Companies will have 10 days to substantiate green claims about their products or face “effective, proportionate and dissuasive” penalties under an EU crackdown on greenwashing bill seen by the Guardian.
Exaggerated claims by companies about the environmental good faith of their products have grown along with public awareness of global warming in recent years.
A 2020 EU survey found that 53% of environmental product claims were “vague, misleading or unsubstantiated”. Authorities suspected that 42% of green products were “fake or misleading” in another survey the same year.
Greenwashing claims may circulate in a wild west market environment for now, but the substantiated green claims directive due in March will force companies to comply with a new legal framework.
The European Consumer Organization (BEUC) said it strongly supports the plan to strengthen market surveillance authorities to combat greenwash. But “a future EU green claims law will only be as good as its enforcement,” said BEUC director Monique Goyens. “Authorities should regularly monitor green claims, publicly disclose their findings and be able to fine companies that mislead consumers.”
The leaked directive does not take a position on what penalties the 27 EU countries should apply.
Goyens said that phrases like “climate positive” and “carbon neutral” should be “banned from the market entirely”.
The commission declined to comment on the leaked draft, which says it expects the law to save the equivalent of up to 7 million tonnes of CO2.two emissions over a period of 15 years.
An EU official, speaking on condition of anonymity, said that, along with a proposed consumer empowerment directive, the green claims law “should clean up the environmental claims market, where it’s a bit loose and extravagant compared to what manufacturers say about their products (and reality). These proposals could improve that dramatically.”
More than 200 eco-labels are currently used in the EU, based on different methodologies. A commission survey found that half of label verification procedures were weak or absent.
British companies exporting to the EU would have to follow new green claims rules, which the commission expects to cost EU companies €9bn to €10bn (£7.9bn to £8.8bn), it said. the employee.
While the UK and France already have rules for misleading green ads, the UK code does not fully define what constitutes an “unfounded claim” and the French rules focus on climate issues – such as “carbon neutrality” – rather than general sustainability issues, according to Antoine Oger, head of the global challenges program at the Institute for European Environmental Policy.
By comparison, the new directive is defined as “the most specific and comprehensive, as it should set out clear definitions of what constitute ecological claims and their violation, together with precise criteria on how to substantiate and enforce such claims,” he said. he said.
It forces companies to substantiate green claims using a standardized product lifecycle analysis that covers all environmental impacts, with key data – including a certificate of compliance – publicly available via QR code or a web link.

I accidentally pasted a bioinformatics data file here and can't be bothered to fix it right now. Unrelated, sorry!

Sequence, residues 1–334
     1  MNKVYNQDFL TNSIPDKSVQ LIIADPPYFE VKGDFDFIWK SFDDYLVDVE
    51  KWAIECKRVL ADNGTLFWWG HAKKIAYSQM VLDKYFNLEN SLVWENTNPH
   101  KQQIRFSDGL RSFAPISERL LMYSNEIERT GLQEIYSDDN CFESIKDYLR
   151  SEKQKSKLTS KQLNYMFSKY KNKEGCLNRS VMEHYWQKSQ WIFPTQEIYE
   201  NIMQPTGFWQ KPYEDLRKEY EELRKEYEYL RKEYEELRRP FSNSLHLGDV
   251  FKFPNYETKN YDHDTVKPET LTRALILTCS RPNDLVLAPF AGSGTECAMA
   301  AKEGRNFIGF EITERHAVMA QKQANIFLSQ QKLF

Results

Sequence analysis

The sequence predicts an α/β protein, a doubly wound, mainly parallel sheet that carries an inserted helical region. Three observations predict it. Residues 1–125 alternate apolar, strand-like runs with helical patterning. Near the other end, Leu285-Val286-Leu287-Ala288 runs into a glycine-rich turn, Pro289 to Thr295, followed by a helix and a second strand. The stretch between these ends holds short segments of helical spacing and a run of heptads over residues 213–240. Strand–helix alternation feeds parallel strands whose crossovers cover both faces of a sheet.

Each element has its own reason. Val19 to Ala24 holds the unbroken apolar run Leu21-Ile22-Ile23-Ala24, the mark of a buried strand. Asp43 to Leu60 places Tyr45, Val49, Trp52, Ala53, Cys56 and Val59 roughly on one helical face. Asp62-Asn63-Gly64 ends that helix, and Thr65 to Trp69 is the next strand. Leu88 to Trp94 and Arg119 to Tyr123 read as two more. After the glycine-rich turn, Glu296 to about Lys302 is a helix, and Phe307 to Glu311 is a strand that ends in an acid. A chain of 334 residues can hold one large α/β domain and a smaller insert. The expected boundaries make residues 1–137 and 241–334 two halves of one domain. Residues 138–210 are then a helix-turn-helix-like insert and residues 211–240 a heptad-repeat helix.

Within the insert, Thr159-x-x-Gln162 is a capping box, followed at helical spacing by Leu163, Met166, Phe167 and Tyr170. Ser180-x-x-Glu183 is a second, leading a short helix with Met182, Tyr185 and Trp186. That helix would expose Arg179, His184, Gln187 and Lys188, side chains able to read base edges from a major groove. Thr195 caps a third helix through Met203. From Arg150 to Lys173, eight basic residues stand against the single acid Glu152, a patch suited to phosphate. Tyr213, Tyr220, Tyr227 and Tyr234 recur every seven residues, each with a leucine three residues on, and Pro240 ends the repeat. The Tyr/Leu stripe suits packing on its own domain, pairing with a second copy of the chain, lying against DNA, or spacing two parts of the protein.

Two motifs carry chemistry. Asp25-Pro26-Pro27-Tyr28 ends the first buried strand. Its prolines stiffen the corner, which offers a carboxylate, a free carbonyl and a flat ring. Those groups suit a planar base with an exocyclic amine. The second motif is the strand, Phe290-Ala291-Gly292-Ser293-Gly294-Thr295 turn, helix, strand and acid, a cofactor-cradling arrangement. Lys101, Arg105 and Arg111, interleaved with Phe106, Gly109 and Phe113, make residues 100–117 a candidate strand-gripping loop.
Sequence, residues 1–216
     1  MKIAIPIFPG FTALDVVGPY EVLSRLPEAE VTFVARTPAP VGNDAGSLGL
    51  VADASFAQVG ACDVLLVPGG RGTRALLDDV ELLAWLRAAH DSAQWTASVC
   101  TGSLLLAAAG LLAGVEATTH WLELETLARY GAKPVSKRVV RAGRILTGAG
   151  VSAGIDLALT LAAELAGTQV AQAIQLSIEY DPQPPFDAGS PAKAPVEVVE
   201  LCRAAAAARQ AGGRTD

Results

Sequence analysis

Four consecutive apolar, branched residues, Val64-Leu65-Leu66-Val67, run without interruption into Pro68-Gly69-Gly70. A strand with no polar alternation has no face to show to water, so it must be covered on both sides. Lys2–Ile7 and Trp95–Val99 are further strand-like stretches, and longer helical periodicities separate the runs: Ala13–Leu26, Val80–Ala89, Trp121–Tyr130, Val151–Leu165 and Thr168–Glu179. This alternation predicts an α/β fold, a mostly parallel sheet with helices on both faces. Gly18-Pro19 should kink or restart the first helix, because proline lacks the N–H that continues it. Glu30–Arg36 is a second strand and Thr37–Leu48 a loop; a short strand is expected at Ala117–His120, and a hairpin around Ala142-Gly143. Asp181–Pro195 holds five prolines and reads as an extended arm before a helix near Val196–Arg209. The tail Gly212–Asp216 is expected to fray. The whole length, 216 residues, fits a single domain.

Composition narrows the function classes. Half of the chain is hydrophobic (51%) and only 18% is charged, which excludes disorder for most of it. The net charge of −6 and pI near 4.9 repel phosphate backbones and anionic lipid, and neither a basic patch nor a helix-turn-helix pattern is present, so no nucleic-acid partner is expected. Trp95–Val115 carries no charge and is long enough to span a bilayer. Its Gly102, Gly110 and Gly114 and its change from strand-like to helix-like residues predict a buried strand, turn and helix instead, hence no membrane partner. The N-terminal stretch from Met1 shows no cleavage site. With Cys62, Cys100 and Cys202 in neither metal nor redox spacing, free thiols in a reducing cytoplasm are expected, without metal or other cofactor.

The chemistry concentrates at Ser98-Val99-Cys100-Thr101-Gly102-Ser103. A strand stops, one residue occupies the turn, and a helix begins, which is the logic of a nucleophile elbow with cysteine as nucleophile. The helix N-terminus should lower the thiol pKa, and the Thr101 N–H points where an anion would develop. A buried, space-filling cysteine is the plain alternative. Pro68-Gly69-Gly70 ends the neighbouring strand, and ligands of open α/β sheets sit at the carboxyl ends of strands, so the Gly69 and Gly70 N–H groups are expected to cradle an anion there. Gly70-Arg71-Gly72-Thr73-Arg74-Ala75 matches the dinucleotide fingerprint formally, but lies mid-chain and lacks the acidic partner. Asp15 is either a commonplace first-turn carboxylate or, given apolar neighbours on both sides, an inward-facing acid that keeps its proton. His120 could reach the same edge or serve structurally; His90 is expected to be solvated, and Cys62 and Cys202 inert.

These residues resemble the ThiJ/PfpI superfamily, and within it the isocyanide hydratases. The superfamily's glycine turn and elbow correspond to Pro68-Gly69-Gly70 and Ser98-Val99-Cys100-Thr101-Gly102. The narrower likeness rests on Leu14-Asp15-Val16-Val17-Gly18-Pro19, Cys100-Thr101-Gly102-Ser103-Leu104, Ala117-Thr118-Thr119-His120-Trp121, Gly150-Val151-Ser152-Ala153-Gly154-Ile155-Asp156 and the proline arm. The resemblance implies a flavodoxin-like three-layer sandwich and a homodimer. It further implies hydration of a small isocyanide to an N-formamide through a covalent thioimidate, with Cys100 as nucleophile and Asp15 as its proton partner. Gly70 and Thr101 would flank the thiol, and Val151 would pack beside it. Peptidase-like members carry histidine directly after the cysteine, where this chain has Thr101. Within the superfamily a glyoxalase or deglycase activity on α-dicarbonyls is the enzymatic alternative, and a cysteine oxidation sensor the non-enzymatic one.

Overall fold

EU states will have to empower or create new agencies to launch investigations, carry out regular checks and generally enforce the new law, the draft says.
Some experts warned that the leaked proposal did not regulate the type of “carbon removal” method that could be accepted in offset schemes.
After the Guardian revealed that more than 90% of so-called carbon credits used by companies such as Shell were largely worthless, hopes were high that the initiative would plug a hole left by another proposed EU green deal bill. to certify COtwo removals.
But the new regime would still allow fossil fuel companies to “offset” their emissions through CO2.two clearing projects such as forests that have a high risk of reversal due to trees decaying, burning or moving north due to global warming.
Eli Mitchell-Larson, co-founder of the NGO Carbon Gap, said: “These laws remaining silent on what companies that buy EU certified removals can do with them would be like inviting students to correct their own homework. It’s very simple: the vast majority of removals today involve storing carbon in nature. Despite their merits, these should never give you a free ticket to burn fossil fuels.”
Business groups have also raised concerns that the initiative could be confused with other EU legislation on combating greenwashing.
“The EU has to avoid the real risk of overlapping and contradicting existing initiatives,” said Pedro Oliveira, director of legal affairs at BusinessEurope. “The European business community expects the EU to carefully consider and substantiate any additional rules in this already regulated space in the spirit of ‘better regulation’.”
The EU official said there was some overlap with other green deal proposals because commission staff were originally instructed to prepare legislative files on similar matters for different commissioners.